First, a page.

Monday October 1, 2012
Divided WTO at a crossroads
By MARTIN KHOR
A panel of developing country ambassadors recently discussed problems with WTO talks and what they expect will follow.
MANY world leaders are still calling for the successful conclusion of the stalled Doha negotiations at the World Trade Organisation. But these calls have not succeeded, and a debate is growing on the WTO’s future role.
Last week these issues were aired at a session I chaired at the WTO’s Public Forum in Geneva.
The Sept 26 session on “Doha and the Multilateral Trade System: From Impasse to Development?” was organised by the Our World Is Not for Sale (OWISFS) network, the International Trade Union Confederation, the Third World Network, and the South Centre as part of the WTO’s three-day annual forum debating topical issues in multiple discussions.
In my introduction, I commented that the impasse in the Doha talks, launched in 2001, had been due to a fundamental conflict since the birth of the WTO in 1995.
The developing countries felt at the end of the Uruguay Round (which led to the WTO’s formation) that WTO rules were unfairly tilted in favour of developed countries, and they wanted to review and reform them to make the WTO more development-friendly as well as to get developed countries to cut their heavy protection in agriculture.
However, the developed countries, which had succeeded in bringing non-trade issues like intellectual property and services into the trading system, were not interested in the proposed reform.
They wanted to push the WTO into taking on even more treaties and rules on new issues such as investment, competition and government procurement, as well as to continue opening markets in developing countries while protecting their own agricultural sector.
Although the Doha Round was supposed to promote the developing countries’ interests, most development aspects had been eliminated or marginalised in the past decade. Meanwhile, developed countries kept insisting on opening the markets of developing countries, especially in industrial products and services.
In recent years, the United States made increasingly extreme demands that could not be accepted by key developing countries, resulting in the present deadlock.
The WTO is now at a crossroads, as to whether it should focus on the unfinished agriculture and development issues, or ignore these and instead create new rules on yet more new issues that would make the system even more unbalanced.
India’s ambassador to the WTO, Jayant Dasgupta, said developed countries were now aggressively pushing new rules in trade facilitation which would result mainly in facilitating more imports into rather than exports from developing countries. That would also be costly, and the promised funding is not forthcoming.
The developed countries were also pushing for other new ways to open up developing countries’ industrial markets, through a second Information Technology Agreement and tariff elimination of what is termed environmental goods, with a wide definition of both, thus involving many sectors and goods.
And after that, we can expect more pressures to negotiate new issues in the agenda for a new round, the ambassador said. At the same time, the developed countries would not accept cuts in their agricultural subsidies or providing greater market access, thus their proposals would lead to even more unfairness.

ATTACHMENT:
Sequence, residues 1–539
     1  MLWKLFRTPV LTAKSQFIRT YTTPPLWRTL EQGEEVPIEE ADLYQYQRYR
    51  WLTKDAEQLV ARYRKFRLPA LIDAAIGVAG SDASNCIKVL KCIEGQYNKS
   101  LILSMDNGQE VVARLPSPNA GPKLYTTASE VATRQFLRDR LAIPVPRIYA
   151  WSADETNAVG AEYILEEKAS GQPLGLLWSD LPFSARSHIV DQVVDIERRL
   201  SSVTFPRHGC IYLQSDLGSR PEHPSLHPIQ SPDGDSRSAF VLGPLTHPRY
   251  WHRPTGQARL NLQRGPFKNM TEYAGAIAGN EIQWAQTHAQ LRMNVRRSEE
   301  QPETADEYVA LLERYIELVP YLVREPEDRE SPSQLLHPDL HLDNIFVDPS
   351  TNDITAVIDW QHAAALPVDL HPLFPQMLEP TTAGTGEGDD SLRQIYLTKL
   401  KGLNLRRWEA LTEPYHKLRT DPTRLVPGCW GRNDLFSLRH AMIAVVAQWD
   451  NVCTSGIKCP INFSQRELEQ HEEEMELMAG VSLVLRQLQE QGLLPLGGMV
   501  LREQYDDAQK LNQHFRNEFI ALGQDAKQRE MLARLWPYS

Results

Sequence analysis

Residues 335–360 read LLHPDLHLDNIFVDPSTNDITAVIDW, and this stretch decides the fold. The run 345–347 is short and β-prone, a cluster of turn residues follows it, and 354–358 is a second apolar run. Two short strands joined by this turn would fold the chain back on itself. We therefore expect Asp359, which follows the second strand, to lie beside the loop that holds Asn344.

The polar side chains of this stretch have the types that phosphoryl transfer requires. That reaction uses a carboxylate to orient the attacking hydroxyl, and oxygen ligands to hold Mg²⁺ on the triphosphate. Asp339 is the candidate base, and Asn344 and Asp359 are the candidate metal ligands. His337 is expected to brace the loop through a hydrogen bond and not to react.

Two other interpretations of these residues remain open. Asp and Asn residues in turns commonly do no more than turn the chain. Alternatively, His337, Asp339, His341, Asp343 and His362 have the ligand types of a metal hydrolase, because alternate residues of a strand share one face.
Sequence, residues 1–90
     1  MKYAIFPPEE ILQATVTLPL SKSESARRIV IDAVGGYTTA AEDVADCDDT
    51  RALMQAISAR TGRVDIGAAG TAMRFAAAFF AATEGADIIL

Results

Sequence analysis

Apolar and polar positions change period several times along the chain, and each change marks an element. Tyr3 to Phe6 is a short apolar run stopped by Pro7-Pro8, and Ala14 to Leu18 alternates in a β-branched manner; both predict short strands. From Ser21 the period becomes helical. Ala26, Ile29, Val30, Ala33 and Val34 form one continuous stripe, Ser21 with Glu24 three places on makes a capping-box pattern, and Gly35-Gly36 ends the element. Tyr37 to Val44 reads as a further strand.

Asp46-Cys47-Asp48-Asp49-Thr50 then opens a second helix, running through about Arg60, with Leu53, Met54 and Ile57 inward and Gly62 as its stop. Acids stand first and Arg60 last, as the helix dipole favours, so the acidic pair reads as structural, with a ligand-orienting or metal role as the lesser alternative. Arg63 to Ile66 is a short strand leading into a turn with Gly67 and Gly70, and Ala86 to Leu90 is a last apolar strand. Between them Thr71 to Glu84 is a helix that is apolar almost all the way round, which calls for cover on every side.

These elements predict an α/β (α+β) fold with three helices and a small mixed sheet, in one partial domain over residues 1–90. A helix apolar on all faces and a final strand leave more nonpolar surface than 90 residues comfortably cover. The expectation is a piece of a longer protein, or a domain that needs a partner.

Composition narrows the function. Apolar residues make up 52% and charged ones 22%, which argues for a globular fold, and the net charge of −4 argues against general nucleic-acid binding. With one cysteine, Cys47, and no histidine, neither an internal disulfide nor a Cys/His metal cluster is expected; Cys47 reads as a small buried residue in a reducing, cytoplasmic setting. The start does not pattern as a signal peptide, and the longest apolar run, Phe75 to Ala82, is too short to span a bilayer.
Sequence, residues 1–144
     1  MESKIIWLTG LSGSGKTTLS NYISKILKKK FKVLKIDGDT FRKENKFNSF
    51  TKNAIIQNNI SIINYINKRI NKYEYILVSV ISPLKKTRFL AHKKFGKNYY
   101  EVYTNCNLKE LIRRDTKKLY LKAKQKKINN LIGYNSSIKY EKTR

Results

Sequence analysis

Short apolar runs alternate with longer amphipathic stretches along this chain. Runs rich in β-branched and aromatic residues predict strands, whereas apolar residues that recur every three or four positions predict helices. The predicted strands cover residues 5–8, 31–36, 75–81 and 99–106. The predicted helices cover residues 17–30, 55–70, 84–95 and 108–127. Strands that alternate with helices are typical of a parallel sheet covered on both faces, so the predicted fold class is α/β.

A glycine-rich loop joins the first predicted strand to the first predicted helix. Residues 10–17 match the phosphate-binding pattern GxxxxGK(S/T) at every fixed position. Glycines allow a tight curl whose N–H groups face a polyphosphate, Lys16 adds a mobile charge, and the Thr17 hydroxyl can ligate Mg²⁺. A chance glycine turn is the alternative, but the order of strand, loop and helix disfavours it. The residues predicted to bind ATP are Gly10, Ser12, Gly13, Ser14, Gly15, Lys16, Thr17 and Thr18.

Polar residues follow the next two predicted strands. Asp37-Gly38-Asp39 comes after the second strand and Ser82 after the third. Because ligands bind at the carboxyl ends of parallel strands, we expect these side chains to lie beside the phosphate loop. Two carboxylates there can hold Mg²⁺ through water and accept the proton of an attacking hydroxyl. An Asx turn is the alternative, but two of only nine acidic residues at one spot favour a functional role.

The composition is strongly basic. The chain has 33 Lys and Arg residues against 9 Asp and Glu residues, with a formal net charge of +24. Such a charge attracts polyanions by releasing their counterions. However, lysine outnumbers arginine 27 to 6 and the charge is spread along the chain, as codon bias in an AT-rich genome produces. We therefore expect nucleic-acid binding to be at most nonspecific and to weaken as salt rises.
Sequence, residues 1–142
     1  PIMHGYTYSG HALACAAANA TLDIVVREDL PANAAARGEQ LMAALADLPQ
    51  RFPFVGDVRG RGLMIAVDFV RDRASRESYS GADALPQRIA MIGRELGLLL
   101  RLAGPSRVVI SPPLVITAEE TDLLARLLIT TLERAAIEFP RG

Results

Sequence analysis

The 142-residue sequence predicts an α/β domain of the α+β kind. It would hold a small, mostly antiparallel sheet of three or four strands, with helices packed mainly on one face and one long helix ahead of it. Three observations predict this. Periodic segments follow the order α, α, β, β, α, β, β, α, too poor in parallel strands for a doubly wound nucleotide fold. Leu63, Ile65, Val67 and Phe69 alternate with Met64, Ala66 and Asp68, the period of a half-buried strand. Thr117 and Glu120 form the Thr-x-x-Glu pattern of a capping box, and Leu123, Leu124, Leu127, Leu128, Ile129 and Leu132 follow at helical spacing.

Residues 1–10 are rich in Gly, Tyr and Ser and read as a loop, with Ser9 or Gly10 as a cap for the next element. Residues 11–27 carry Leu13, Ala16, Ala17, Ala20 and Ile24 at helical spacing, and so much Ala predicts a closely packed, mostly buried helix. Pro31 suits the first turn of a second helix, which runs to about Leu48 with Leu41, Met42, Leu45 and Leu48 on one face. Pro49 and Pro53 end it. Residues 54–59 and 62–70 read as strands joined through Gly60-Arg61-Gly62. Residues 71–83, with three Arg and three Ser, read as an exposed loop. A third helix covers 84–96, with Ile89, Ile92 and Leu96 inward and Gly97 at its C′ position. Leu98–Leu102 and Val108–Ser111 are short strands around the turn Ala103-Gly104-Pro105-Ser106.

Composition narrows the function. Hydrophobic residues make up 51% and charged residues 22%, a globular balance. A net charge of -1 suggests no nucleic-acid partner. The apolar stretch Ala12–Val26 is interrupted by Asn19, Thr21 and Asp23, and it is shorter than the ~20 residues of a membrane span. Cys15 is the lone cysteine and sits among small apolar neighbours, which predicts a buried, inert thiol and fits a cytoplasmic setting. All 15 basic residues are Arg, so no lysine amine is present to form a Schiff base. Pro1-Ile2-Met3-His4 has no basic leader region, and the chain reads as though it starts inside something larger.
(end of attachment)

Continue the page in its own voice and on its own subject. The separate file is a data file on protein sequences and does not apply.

Dasgupta stressed that the WTO faced a real crisis of reconciling the different demands and ambitions of countries which have up to US$80,000 (RM244,456) per capita income and those with as low as US$500 (RM1,528) per capita income.
“How do we reconcile these? How do we reconcile the development needs, the aspirations, the pressing need of providing employment? We need to look at trade not only from the mercantilist angle of more profits but through the prism of social justice,” he said.
Ambassador Angelica Navarro of Bolivia advocated a fair, balanced multilateralism where everyone had a say on an equal footing, but the reality is quite different.
“We started this century with a mirage, the idea of development and re-balancing the trade system at the centre of the WTO, but now we realise that those promises were nothing more than a means to ensure greater opening of our markets,” she said.
In her view, the impasse is due to the lack of a political will to ensure that the multilateral trade system is adjusted in favour of the poorest.
Trade agreements, she said, must not impose conditions with adverse effects on human rights and the environment or bring an end to the values of our societies.
Ambassador Faizel Ismail of South Africa gave a critique of the concept of Global Value Chains advocated in the WTO by those who wanted to promote further trade liberalisation in developing countries.
He said this argument was flawed and did not offer a way out of the current crisis. He proposed a different dialogue to base the system on fair trade, equal opportunities, and building the developing countries’ capacity to produce and export.
The rules should be fair and allow for development, he said. They should not close off opportunities for development and policy space, but should be inclusive and allow for the participation of countries.
He criticised the promotion of the plurilateral route, where some countries negotiate new rules and then try to impose these on the rest. This was not a correct principle for multilateralism, he stressed.
Other speakers on the panel were Andrew Cornford, a finance expert concerned about how the WTO’s services rules might hinder countries from having stronger financial regulations needed in the crisis.
Deborah James of the OWISFS network called for mechanisms for developing countries and development-oriented NGOs to participate in discussions on the future of the trade system, instead of giving opportunities mainly to leaders of big business concerns.